and subject to nature's round. In India and China, the goal of life is
to escape the cycle of history into the timeless realm of Nirvana, a
solution which implies that our everyday life has no meaning. In the
philosophies of Plato and Aristotle, the escape from history is
rational, and human beings take refuge from the circle of life by
retreating into the realm of pure form. In modern philosophies, such as
those of Nietzsche and Spengler, the only alternative is nobly to
assert individual freedom. In Nietzsche, this leads to suicide, in
Spengler to a form of fatalism. Such meaninglessness results from a
theology that identifies God with his creation. And that identification
almost automatically comes about when feminine language for God is
used.

Achtemeier condemns Rosemary Radford Ruether the leading US feminist
writer because she wants to use female language for God, and she names
the divine God/ess. "Reuther, like all the feminist writers, does not
want her deity to rule over her. Feminists want to get rid of a
hierarchical view in which God is their Lord. God for them must be not
a Sovereign but a "friend" or the "power of love-in-relation" (Isabel
Carter Heyward) a professor at Episcopal Divinity School in
Massachusetts. This God/ess is divine reality: the empowering Matrix;
She, in whom we live and move and have our being...She comes; She is
here."

This is why Reuther can write liturgies for worshipping groups of
females that celebrate cycles of the moon, the solstices and the
seasons, as well as the cycles of menstruation and menopause, and other
changes in women's lives, says Achtemeier.

"The result is that Reuther and all those feminists who want to erase
the distinction between God and his creation finally share with the
most radical feminists, who have abandoned the Christian church and
faith altogether, a view of divinity that is at home in modern witches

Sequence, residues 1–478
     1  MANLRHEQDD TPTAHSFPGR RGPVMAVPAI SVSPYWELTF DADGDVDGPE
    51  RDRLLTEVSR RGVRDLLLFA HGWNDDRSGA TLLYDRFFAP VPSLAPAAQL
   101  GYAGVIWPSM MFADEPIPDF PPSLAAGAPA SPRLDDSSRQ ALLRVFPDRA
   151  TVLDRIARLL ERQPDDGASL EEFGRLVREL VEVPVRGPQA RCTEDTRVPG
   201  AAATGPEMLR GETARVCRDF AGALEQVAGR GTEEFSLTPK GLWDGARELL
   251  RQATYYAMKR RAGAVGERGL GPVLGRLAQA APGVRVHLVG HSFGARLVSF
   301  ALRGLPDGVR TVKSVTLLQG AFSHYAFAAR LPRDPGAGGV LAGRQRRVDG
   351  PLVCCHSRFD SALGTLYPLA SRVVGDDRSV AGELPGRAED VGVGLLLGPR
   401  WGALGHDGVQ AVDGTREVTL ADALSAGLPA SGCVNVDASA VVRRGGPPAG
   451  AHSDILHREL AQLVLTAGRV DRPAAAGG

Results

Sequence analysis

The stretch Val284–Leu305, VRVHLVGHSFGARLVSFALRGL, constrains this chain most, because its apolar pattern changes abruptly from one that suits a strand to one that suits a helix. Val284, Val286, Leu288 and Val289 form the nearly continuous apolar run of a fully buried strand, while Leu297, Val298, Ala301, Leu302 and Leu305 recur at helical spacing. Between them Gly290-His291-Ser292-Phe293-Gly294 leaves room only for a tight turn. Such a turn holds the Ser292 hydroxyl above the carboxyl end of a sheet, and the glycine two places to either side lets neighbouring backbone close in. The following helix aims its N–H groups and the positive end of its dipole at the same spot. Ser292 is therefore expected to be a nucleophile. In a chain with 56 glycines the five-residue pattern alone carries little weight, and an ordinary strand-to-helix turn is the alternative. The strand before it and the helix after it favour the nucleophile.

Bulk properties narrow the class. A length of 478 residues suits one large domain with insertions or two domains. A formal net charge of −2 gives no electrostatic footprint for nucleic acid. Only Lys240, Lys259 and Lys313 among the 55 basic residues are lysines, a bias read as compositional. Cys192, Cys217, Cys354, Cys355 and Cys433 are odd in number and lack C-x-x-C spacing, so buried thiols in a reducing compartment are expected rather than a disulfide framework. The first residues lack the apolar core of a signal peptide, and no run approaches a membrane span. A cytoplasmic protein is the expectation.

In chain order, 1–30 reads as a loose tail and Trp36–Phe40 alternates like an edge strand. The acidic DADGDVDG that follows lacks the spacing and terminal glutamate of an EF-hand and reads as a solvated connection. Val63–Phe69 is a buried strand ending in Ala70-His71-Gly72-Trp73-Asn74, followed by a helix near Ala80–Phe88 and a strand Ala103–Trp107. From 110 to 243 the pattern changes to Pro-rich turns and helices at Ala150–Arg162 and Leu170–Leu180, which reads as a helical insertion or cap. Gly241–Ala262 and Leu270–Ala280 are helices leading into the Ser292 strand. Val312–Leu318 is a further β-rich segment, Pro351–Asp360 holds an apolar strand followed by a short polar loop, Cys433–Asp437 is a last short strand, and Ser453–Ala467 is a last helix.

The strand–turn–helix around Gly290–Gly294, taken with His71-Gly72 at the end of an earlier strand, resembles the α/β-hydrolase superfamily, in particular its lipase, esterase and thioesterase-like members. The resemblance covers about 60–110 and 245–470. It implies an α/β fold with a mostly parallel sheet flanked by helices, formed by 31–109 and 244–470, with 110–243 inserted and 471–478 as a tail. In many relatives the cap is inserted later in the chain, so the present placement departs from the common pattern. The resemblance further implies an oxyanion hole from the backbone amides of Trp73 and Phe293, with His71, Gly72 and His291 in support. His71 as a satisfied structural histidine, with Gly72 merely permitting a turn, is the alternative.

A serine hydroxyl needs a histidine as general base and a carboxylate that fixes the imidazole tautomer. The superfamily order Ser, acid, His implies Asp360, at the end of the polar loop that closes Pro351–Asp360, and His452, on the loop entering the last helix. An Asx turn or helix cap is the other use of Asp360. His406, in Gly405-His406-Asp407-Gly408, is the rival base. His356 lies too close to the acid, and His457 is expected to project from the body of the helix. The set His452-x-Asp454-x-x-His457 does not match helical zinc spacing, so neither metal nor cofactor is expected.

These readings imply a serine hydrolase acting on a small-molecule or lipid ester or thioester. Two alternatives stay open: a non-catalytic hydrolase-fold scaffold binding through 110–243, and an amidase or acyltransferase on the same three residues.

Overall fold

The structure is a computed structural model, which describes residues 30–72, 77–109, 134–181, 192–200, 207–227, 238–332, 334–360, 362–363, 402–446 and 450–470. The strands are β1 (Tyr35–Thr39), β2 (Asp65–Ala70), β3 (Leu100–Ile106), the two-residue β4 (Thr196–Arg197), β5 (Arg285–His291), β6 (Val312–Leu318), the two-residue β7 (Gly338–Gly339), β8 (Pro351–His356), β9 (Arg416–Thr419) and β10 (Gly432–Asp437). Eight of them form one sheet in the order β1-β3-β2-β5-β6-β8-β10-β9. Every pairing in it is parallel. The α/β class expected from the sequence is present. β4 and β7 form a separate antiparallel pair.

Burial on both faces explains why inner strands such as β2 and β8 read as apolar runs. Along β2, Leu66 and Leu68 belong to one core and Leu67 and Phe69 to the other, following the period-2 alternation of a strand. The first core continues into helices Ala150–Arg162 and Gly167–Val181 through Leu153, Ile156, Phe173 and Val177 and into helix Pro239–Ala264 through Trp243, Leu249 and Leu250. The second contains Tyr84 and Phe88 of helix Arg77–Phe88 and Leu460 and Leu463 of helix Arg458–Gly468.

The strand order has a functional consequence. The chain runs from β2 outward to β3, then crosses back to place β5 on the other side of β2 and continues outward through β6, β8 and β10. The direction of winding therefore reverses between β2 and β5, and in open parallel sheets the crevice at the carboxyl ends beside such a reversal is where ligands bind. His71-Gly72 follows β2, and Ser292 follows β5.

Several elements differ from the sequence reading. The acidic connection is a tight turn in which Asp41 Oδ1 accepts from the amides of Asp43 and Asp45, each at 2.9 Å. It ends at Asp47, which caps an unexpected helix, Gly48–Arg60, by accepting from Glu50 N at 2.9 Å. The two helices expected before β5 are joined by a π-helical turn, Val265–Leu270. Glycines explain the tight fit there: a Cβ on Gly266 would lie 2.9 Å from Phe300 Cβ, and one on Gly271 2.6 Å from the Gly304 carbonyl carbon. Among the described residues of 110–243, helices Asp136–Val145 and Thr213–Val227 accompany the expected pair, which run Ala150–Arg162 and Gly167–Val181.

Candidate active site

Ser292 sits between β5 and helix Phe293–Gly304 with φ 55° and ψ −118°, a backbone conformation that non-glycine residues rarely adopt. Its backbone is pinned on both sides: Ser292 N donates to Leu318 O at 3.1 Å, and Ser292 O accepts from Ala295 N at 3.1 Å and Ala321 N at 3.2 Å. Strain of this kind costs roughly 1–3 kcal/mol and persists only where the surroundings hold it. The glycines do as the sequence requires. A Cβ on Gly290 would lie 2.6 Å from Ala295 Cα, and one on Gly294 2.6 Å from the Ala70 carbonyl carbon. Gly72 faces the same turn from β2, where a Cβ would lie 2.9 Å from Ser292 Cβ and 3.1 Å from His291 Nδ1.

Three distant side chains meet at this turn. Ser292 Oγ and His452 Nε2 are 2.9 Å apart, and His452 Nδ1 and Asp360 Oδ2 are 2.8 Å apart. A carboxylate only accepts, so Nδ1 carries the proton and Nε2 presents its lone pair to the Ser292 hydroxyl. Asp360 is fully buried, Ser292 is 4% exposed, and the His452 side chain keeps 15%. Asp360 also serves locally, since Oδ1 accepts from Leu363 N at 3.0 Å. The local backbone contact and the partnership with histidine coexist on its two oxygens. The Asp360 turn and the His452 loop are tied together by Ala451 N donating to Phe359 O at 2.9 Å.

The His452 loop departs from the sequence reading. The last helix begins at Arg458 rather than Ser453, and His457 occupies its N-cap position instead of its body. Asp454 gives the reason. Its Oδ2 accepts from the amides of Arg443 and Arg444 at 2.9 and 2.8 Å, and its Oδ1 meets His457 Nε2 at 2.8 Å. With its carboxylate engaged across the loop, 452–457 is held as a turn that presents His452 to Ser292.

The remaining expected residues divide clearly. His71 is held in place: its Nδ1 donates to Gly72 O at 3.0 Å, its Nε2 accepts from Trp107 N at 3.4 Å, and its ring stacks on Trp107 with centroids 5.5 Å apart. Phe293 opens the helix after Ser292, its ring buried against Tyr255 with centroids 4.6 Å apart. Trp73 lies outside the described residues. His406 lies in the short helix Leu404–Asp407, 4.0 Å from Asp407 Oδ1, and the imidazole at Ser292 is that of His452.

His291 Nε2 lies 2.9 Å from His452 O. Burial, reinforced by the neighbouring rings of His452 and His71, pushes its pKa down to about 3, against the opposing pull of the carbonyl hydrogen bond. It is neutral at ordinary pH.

covens."

When such views are held, meaninglessness haunts human life. This is
seen in Reuther's view of death. There is no eternal life for those of
faith in Reuther's female God/ess religion. Rather, the end she
envisions for all of us and our communities is that we will end up as
compost.

"If God and creation are identified with one another, perhaps most
disturbing of all is the feminists' claim to embody the deity within
themselves - in other words, to be divine. "I found God in myself and I
loved her fiercely," exults Carol Christ, another feminist. That is the
logical result of a religion in which the deity is believed to be
contained ion all things and all persons, and feminists who hold such
views then become a law unto themselves. For feminists like I. Carter
Heyward, there is no such thing as original sin, and the "fall" of
Genesis 3 is good, a liberation into knowledge and action and reliance
on one's self.

As feminist Dorothee Solle maintains, "God is in us, as our capacity to
love. We are one with God in a mystical relation. We do not serve God;
we manifest him." And so for Solle, because God is in us, all we need
to love. That is the central idea in the Bible, she maintains.

But this ignores the reality of evil in the world, of gas ovens and
human torture, says Achtemeier. It ignores that fact that we need a
Power greeter than human evil - or, for that matter, a Power then even
the highest human love ad good, for it was the best religion and the
best law that erected the cross on Golgotha. If there is not a God who
is Lord over life, who "intervenes, rescues, judges, and confirms," and
who had given his final judgment and won his decisive victory in the
cross and resurrection of Jesus Christ, then human evil will always
have the last word and there is no hope for this world.

"The feminists, believing themselves divine, think that by their own
power they can restructure society, restore creation, and overcome
suffering. But the tortured history of humanity testifies to what human
beings do when they think they are a law unto themselves with no
responsibility to God, and those feminists who are claiming that God is
in them will equally fall victim to human sin."

Women suffer discrimination, yes; our world is full of all kinds of
evil. But God is holy, the Father Almighty, Creator of heaven and
earth, and by faith in him we shall always be more than conquerors, and
nothing shall ever separate us form the love he has for us in Christ
Jesus our Lord.

END